The year is 1951, New Zealand is recovering from two World Wars, but there is unrest on the Auckland waterfront. Like the rest of the world the country has concerns with the rise of communism, stirring workers into confrontation with the Government. Wool and meat destined for Great Britain will sit on the wharves if the dispute escalates and business leaders are anxious the arguments are settled so this does not happen.
Red Herring is a work of fiction but the author Jonothan Cullinane has cleverly included historical facts and fascinating characters to create a page-turning thriller. It is an era in New Zealand history many do not remember and although I was only small at the time, I well remember my father talking about waterfront disputes, and as a farmer, it was ingrained in him to supply quality products “back home”.
Johnny Molloy is a private detective hired to investigate possible insurance fraud by one of the watersiders, who was thought to have drowned until being spotted in a photograph with the some of the organisers of the strike.
The reader is taken on a murky journey as Molloy runs into conflict with Fintan Patrick Walsh from the Federation of Labour, and the Communist Party boss, V.G .Parker.
But a young Auckland Star reporter Caitlin O’Carolan adds a lightness to the novel as she supports Molloy in his quest to unravel the mystery surrounding Frank O’Flynn, an IRA bomber on the run.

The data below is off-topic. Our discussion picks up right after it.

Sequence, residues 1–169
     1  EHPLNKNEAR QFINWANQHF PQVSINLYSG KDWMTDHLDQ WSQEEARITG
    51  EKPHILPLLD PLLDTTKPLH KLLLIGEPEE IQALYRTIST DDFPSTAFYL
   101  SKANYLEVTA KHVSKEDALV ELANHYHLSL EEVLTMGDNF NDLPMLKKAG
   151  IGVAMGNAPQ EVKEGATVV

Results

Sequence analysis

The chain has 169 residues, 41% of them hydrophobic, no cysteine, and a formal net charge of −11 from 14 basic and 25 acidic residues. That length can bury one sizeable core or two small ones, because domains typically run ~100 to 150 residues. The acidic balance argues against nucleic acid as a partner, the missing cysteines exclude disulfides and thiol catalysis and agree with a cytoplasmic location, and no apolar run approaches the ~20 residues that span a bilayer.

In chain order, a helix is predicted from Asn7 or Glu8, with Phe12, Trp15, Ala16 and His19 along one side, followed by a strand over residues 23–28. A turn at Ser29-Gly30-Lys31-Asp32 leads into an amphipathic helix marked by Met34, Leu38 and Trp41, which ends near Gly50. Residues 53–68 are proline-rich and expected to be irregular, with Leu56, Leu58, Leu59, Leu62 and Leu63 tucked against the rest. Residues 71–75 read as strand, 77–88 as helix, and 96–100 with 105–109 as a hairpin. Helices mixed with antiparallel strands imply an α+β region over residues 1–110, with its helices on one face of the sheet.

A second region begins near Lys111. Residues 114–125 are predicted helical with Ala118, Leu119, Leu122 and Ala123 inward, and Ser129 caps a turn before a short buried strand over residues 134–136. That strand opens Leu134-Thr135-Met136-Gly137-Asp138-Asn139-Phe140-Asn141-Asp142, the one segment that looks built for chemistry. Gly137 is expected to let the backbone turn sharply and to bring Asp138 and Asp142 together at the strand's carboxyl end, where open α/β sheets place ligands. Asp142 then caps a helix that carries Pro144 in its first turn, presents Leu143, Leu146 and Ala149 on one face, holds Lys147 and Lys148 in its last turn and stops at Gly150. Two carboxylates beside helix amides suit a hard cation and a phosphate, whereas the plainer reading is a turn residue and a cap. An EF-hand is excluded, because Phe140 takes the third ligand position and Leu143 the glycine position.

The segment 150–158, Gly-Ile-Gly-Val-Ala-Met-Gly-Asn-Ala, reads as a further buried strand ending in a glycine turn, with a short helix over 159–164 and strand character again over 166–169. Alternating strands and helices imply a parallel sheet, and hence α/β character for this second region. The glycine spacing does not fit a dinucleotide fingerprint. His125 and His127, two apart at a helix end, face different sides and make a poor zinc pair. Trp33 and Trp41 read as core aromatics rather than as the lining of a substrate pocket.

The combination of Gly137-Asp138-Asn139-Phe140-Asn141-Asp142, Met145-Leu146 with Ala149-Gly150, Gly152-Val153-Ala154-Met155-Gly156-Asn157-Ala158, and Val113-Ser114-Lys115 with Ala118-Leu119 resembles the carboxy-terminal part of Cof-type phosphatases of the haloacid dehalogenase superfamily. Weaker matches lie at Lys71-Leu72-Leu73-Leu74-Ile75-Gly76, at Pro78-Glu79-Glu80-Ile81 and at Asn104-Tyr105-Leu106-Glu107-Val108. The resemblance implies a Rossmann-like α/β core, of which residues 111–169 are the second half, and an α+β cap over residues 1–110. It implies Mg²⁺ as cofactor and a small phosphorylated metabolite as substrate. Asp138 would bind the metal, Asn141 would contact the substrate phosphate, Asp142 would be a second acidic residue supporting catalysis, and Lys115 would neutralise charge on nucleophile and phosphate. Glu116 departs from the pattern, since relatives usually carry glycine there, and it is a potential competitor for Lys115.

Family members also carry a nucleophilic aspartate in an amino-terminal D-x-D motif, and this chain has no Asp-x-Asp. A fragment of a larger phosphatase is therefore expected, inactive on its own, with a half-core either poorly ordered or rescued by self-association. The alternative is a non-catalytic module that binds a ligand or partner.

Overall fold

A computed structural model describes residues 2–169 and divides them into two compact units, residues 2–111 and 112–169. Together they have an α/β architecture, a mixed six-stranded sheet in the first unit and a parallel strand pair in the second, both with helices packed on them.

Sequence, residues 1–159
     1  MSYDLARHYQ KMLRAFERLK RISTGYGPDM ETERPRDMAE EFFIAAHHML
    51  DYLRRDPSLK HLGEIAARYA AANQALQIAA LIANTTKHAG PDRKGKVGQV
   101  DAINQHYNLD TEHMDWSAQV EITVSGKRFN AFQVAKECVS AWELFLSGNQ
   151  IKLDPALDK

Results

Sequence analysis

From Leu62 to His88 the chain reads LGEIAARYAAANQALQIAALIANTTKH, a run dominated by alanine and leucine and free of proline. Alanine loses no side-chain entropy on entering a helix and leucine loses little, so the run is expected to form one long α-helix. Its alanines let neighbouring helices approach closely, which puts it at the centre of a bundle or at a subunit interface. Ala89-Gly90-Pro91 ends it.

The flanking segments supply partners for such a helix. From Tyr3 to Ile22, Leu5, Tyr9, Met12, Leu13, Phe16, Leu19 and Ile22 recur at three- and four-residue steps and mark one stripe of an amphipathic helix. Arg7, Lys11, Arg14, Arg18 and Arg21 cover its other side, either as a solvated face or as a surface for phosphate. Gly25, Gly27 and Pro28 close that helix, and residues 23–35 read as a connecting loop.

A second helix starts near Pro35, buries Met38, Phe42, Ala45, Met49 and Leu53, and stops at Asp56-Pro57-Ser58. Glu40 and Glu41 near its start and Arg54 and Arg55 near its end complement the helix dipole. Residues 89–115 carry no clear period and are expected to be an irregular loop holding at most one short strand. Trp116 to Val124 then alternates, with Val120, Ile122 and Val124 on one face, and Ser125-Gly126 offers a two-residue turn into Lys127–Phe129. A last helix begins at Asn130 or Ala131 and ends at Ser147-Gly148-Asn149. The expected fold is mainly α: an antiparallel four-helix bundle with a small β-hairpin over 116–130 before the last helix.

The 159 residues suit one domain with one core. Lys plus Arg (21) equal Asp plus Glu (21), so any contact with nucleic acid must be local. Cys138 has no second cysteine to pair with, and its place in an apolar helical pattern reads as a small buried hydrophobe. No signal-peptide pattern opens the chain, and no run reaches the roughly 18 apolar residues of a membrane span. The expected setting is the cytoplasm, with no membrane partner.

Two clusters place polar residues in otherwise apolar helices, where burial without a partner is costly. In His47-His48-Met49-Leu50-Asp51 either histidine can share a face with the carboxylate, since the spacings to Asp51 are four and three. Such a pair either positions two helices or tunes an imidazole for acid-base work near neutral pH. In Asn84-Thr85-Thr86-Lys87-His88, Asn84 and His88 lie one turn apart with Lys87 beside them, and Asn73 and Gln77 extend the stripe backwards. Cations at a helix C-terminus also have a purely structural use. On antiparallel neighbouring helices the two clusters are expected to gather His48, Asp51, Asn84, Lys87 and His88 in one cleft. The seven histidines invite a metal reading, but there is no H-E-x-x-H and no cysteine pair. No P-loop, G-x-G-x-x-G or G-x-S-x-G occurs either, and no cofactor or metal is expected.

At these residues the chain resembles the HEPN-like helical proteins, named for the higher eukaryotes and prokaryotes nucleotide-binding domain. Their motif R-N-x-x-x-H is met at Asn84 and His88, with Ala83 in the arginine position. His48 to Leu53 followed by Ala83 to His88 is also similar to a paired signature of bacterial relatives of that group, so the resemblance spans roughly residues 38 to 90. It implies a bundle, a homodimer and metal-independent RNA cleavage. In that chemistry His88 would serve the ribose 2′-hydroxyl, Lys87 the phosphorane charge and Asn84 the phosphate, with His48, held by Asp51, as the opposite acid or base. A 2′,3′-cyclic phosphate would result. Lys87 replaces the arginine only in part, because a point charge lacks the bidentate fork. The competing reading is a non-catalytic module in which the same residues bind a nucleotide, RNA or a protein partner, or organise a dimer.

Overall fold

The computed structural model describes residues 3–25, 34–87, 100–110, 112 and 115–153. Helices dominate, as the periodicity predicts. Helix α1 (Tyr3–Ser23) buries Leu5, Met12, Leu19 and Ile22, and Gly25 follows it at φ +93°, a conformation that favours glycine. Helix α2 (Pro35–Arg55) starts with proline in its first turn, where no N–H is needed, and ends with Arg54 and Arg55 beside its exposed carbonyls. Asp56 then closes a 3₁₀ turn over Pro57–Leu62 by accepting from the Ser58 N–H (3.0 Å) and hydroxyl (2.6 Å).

This book will appeal to anyone who enjoys a thriller, and I particularly enjoyed some of the descriptions, eg. “Harry Bridges had always been a handsome bloke in what might be called an Australian way – long face, long nose, hooded eyes, hair slicked back”.
I found it a complex read with some chapters providing background history, while other chapters were short adding real momentum to the story which gripped me from the first page.
The cover design is very appropriate and the author has provided a number of pages of acknowledgements to clarify points raised in the book.
Jonothan Cullinane has worked in America and Canada as well as in the film and television industry in New Zealand . Now based in Grey Lynn, Auckland, this is his first novel and I certainly hope there are further mysteries for Johnny Molloy to solve and for us to enjoy.
Reviewed By Lesley McIntosh
by Jonothan Cullinane
Published by HarperCollins NZ